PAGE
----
This is the worldview of thirteen year olds, not serious adults. In fact, many thirteen year olds have a more realistic, pragmatic outlook than exhibited by the people I am describing. And yet, we remain hostage to overgrown adolescents who, in the case of the fetishization of guns, are dedicated to the preservation of the things that do not happen, in spite of the high death toll of the things that do.
This is what makes the current diseases of American democracy — anti-majoritarianism, polarization, and yes, let’s be honest with ourselves, some sincere disdain for the very the concept of democracy among a lot of Americans — as important as they are to overcome. We use polite language, such as “reforms,” to describe the most essential steps needed to remove the weight of helplessness and despair from our hearts.
In the case of guns in particular, there is no alternative path to resolution, at least in the short term. There is no collective action, outside of government, to deal with the problem. We can support charities that help the needy, organize food drives, help homeless and jobless people get on their feet again through private efforts. There is no private path to limiting the threat of firearms. We cannot disarm our neighbors, or require them to practice better gun safety.
Individually, all we can do, beyond supporting particular groups or politicians who have yet to solve this problem, is make the juvenile fantasies on which our current gun laws look as ridiculous as they are. In my work, as well as outside it, I occasionally develop “serious games,” ways of educating people through a simulated experience about important topics in public affairs. For the last couple of years, I’ve toyed with an idea for a game that would put the whole notion of “a good guy with a gun” to the test, and show it for how unlikely a scenario it really is. Unfortunately, upheaval in personal life and the demands of having a day job have made it difficult to pursue. Still, I may get to work on it again soon.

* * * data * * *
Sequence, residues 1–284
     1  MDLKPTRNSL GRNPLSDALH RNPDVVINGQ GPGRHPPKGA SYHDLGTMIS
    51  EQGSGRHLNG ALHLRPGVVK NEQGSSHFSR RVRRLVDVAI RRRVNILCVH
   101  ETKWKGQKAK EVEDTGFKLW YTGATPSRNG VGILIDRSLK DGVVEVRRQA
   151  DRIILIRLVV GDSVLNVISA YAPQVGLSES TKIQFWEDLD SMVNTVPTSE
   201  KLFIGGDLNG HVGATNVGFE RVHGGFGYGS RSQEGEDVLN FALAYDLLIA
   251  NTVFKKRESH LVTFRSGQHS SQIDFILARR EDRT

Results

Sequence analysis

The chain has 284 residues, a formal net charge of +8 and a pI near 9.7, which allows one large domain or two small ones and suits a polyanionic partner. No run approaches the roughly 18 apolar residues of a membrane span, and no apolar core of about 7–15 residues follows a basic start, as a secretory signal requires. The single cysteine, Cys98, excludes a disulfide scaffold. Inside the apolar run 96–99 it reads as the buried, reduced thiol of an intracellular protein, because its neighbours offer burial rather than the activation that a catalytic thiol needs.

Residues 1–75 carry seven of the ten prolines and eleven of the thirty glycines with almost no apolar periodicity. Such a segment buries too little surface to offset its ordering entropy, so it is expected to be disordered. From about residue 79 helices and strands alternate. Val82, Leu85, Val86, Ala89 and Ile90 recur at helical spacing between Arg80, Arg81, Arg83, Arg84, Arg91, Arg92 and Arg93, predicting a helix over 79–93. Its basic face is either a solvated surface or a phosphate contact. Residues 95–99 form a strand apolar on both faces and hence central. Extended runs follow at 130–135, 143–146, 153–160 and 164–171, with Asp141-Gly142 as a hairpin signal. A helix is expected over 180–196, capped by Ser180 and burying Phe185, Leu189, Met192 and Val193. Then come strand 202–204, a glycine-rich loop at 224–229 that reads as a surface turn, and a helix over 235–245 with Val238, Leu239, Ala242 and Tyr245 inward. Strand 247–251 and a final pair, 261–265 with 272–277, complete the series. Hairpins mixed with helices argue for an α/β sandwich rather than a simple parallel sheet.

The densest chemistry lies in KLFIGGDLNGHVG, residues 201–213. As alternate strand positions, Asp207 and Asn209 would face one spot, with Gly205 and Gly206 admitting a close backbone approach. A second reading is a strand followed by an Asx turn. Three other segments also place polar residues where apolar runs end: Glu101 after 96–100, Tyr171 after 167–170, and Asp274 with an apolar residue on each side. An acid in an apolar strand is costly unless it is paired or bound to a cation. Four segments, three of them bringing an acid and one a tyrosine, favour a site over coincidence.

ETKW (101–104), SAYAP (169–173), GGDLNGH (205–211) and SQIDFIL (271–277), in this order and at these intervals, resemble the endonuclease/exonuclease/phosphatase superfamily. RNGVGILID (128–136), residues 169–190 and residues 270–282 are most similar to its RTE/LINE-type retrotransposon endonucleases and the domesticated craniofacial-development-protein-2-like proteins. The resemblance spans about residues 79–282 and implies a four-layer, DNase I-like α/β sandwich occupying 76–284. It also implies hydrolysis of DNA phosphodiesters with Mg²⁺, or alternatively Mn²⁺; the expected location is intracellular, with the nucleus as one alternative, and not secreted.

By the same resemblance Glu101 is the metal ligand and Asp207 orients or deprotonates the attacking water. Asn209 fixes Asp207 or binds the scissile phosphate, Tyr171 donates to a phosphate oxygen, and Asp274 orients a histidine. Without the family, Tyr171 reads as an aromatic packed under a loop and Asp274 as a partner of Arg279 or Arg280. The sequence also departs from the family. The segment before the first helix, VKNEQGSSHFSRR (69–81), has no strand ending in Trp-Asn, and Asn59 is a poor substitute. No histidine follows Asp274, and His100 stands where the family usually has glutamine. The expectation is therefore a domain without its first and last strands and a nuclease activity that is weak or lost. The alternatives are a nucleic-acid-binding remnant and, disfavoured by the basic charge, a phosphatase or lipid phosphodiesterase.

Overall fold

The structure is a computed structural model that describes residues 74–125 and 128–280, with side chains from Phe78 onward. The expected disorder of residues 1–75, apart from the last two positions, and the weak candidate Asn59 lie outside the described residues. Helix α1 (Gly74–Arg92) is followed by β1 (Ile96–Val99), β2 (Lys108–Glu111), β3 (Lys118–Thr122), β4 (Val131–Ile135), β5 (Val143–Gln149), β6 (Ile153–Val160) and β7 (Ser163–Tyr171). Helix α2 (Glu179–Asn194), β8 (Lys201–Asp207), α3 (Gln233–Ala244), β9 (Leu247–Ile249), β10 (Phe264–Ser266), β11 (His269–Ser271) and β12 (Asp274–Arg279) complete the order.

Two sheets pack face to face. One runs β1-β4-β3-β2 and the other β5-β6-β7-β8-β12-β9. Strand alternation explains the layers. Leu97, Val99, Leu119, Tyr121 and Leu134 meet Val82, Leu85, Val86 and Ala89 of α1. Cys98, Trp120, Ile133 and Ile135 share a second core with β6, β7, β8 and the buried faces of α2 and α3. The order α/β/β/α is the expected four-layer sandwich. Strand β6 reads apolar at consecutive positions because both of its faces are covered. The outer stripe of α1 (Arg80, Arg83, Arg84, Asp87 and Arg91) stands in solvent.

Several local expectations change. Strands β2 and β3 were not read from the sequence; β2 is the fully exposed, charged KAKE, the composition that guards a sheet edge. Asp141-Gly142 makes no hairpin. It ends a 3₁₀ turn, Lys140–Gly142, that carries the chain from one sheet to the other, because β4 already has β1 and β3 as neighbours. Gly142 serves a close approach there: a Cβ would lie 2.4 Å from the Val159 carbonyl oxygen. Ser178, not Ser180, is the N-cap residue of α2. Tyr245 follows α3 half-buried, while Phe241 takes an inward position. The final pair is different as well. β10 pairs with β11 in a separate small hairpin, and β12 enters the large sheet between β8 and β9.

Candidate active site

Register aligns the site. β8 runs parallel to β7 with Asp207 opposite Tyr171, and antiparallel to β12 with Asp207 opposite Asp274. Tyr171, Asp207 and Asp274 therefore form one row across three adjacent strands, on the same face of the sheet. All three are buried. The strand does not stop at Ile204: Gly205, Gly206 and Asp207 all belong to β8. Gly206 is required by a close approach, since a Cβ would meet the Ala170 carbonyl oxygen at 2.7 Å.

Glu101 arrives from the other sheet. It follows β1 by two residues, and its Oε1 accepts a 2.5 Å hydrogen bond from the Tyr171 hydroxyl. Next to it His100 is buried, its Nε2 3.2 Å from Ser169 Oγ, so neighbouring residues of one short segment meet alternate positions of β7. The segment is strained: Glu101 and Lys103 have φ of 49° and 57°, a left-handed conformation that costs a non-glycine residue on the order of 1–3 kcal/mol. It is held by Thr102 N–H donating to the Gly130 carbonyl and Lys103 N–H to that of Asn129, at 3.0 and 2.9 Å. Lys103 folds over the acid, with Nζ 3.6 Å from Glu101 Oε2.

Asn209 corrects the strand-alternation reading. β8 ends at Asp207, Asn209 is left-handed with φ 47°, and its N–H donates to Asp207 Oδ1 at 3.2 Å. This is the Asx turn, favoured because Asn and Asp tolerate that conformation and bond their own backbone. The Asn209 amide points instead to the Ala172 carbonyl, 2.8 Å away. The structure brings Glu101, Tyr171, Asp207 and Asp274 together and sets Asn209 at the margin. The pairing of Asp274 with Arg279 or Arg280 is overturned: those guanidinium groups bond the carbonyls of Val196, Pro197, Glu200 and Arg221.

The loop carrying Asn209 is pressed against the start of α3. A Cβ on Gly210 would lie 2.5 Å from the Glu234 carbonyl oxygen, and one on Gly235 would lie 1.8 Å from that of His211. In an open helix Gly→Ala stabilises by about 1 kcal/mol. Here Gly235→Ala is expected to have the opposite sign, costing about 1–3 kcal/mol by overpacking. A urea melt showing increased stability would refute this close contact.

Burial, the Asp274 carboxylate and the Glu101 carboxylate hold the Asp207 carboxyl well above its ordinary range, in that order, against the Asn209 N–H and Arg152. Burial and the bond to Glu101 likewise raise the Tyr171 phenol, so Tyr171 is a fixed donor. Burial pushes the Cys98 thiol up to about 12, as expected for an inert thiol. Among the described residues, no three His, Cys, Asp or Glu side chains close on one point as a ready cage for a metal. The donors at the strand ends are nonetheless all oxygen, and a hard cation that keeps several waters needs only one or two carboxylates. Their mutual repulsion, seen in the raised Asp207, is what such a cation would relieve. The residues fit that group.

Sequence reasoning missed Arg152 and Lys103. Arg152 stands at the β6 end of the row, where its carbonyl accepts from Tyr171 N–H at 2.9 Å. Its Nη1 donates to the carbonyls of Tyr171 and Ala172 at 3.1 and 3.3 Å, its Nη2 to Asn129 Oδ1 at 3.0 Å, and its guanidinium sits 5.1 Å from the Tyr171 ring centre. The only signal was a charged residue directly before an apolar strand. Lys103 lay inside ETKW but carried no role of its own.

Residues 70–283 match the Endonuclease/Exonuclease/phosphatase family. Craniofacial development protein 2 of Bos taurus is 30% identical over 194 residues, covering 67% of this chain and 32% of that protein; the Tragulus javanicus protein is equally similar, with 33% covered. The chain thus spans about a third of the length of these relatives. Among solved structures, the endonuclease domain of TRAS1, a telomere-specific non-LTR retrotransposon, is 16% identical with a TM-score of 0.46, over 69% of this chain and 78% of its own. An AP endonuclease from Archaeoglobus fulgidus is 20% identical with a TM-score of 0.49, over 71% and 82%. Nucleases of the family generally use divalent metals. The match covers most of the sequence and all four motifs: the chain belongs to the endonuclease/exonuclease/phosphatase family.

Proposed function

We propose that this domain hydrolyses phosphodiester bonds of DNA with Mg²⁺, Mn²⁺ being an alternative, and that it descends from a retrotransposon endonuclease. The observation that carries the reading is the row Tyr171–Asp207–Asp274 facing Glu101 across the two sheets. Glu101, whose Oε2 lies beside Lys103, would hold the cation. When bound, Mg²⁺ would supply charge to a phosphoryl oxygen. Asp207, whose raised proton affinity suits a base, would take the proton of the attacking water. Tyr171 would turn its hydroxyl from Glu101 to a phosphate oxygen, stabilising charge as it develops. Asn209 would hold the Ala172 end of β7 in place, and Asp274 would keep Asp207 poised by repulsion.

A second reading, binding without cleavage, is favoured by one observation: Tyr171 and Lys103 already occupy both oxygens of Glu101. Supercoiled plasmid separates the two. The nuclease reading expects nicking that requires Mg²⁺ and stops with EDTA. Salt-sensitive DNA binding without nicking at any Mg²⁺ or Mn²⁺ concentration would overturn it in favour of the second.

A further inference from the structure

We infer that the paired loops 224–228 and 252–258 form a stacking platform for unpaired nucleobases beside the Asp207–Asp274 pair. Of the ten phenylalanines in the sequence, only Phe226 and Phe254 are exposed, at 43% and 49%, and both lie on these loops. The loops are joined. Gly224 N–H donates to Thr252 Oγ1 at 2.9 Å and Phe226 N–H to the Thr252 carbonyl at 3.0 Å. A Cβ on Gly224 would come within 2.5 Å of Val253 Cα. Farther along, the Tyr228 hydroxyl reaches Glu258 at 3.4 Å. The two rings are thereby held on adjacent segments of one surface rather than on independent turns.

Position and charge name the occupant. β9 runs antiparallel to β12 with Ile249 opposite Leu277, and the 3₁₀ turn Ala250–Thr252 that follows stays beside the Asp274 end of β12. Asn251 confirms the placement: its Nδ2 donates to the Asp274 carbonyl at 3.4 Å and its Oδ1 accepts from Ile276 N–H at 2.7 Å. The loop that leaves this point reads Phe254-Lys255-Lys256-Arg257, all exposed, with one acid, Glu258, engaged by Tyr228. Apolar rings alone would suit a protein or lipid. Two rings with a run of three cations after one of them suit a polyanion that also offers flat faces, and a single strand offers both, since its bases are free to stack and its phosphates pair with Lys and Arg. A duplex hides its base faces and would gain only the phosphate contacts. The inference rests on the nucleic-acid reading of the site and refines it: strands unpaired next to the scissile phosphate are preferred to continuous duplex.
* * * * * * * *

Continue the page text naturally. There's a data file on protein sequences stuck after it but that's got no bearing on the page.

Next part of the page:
However, as with many other people in my situation — outraged at the death toll of gun violence, looking for something to do that’s more than sending money to an advocacy group — it is hard to do it alone. That is why we need some new formula for collective action on gun violence, beyond what has repeatedly failed to prevent what happened in Boulder earlier this week. Other countries have taken effective action, so we should wear our shame around our necks until we can make some significant progress here.
I do not have an answer for what form that collective action should take. However, we need to make juvenile fantasies more unacceptable than they are today. These are not questions of differing opinions of policy, such as what the unintended consequences of what might happen if we limit clip sizes or ammunition purchases. This is a question of how to deal with unwavering adherence to dangerous myths. Just as we once made bigotry against women, minorities, LGBTQ citizens, Catholics, atheists, and other groups less acceptable, so too do we need to make indifference and inaction less tolerable, in the face of preventable murders. We cannot keep living fearing who will die next, such as the 10 people dead just a 30 minutes drive from my own home. Not only must this change of heart happen, but we must be able to express it through our institutions of collective action. Alone, we are helpless.